Your doggie on drugs

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Sandra Porter

Is your precious pup spending an unusual amount of time time hanging around by the pond? Is poochy looking a little green around the gills? Does fido seem a little feeble?

My friend you've got trouble. Trouble with a capital "T".

What's the canine equivalent to catnip?

i-6271b750fa40bfcdda6c8bb1896e7927-238377637_97e648ba59_m.jpgPicture by asmuskoka


Yes, your dog might be out sucking toads.

Last year's IgNoble award for biology went to researchers who personally sniffed the peculiar odors of 131 species of frogs to see if the frogs were feeling stressed. (Now that I think about it, I kind of wonder about those researchers).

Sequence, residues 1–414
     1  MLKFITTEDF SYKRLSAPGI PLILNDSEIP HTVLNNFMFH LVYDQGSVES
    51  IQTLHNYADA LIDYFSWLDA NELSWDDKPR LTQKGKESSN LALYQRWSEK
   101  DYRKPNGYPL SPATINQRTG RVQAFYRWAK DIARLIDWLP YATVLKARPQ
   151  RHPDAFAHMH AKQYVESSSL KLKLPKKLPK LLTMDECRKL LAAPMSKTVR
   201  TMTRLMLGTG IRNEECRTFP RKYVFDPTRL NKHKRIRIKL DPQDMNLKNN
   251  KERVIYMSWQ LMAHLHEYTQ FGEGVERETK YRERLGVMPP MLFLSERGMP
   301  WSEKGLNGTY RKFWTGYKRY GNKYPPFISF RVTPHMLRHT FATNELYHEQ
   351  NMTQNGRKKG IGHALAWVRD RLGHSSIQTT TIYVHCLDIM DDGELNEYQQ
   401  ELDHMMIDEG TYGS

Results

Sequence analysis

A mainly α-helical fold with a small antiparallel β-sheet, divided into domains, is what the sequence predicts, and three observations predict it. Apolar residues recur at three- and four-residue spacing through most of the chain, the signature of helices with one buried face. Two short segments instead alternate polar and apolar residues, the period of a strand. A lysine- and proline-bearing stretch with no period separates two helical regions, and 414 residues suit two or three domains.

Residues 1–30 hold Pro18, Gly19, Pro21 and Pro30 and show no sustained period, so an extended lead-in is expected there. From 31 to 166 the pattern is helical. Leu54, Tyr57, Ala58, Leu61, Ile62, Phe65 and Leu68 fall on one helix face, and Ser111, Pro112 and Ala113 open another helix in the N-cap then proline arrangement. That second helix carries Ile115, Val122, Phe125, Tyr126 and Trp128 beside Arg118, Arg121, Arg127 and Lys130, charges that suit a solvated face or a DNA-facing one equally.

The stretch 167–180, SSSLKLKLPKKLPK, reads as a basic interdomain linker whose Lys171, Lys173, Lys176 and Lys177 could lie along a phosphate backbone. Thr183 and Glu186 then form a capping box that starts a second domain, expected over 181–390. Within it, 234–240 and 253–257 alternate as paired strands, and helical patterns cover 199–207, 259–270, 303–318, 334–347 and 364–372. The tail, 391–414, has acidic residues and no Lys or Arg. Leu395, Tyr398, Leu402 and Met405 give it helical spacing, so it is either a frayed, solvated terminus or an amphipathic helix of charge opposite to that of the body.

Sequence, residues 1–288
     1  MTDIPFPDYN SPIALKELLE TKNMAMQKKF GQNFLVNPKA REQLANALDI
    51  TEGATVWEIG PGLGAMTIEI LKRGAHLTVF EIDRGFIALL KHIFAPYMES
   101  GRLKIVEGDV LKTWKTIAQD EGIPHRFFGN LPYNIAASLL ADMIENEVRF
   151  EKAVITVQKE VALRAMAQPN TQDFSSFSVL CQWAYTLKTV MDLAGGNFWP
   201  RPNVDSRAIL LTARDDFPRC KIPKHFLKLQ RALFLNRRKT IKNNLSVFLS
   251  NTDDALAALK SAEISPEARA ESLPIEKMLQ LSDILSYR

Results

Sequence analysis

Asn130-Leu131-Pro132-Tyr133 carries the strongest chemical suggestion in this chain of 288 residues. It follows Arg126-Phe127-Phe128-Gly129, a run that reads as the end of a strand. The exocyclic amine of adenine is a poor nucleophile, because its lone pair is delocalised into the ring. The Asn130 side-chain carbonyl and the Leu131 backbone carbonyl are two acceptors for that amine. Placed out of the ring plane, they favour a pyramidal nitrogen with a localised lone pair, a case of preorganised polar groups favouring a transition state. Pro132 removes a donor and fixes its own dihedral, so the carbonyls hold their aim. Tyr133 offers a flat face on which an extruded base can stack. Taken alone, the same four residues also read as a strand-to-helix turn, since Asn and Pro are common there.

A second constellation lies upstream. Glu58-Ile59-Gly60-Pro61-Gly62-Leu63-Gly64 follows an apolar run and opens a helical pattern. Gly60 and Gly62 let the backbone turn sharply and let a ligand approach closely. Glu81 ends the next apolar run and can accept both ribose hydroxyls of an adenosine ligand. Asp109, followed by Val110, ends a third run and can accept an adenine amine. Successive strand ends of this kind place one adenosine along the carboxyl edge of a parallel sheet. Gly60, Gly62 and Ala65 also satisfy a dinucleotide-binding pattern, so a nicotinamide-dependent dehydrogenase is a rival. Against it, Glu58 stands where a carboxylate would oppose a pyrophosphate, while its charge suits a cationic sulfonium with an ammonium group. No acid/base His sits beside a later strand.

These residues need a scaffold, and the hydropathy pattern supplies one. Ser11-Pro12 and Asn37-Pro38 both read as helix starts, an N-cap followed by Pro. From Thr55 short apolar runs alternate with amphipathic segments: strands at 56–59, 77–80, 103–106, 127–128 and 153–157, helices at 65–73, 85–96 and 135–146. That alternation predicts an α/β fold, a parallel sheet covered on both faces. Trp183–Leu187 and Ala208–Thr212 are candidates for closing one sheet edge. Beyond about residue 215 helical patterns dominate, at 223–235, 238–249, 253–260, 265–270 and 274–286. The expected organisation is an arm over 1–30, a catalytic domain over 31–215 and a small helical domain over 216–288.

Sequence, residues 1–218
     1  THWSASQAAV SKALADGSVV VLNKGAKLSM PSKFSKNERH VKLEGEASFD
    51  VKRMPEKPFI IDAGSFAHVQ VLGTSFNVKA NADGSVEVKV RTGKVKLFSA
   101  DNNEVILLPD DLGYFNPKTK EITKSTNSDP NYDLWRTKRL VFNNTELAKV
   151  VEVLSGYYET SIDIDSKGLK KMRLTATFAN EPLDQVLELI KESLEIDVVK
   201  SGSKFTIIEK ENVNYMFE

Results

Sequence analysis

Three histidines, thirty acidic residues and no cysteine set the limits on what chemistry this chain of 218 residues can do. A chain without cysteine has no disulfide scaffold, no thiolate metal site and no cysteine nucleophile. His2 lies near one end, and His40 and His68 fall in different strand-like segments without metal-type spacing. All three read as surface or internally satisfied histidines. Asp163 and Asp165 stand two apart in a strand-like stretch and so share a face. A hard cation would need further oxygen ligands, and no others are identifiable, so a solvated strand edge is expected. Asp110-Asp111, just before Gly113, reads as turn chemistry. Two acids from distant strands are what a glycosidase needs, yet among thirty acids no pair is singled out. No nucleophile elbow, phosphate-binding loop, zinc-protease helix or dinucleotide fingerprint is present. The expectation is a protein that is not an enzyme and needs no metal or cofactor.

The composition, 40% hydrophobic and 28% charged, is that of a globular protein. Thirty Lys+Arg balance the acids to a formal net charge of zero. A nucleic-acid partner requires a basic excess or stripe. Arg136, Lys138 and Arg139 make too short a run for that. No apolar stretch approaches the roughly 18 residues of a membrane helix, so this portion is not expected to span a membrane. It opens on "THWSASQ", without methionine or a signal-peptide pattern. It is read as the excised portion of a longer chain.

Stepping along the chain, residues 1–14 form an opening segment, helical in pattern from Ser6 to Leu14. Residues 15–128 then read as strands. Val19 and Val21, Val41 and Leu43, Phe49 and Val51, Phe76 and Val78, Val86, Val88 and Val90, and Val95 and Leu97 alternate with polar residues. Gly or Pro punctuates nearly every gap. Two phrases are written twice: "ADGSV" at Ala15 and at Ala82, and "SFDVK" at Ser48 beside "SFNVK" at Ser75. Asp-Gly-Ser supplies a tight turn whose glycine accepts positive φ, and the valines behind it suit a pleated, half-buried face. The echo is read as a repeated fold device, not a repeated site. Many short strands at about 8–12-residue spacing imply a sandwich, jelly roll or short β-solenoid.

This week, live from NPR, we learned that one canine friend went a bit farther down the path of amphibian depravation.

In The Dog Who Loved to Suck on Toads, Laura Mirsch describes her family's struggle with toadal addiction.

According to Laura:

"We noticed Lady spending an awful lot of time down by the pond in our backyard," Laura Mirsch recalls.

Lady would wander the area, disoriented and withdrawn, soporific and glassy-eyed.

"Then, late one night after I'd put the dogs out, Lady wouldn't come in," Laura Mirsch says. "She finally staggered over to me from the cattails. She looked up at me, leaned her head over and opened her mouth like she was going to throw up, and out plopped this disgusting toad."

By all means, do go to site and listen to the story yourself, the description of Laura's mother going outside in the dead winter to try and find a toad for Lady the dog is priceless.

Having shoveled a path through through the snow for my cats, so they could chase mice in the garage attic next door, I know how that feels.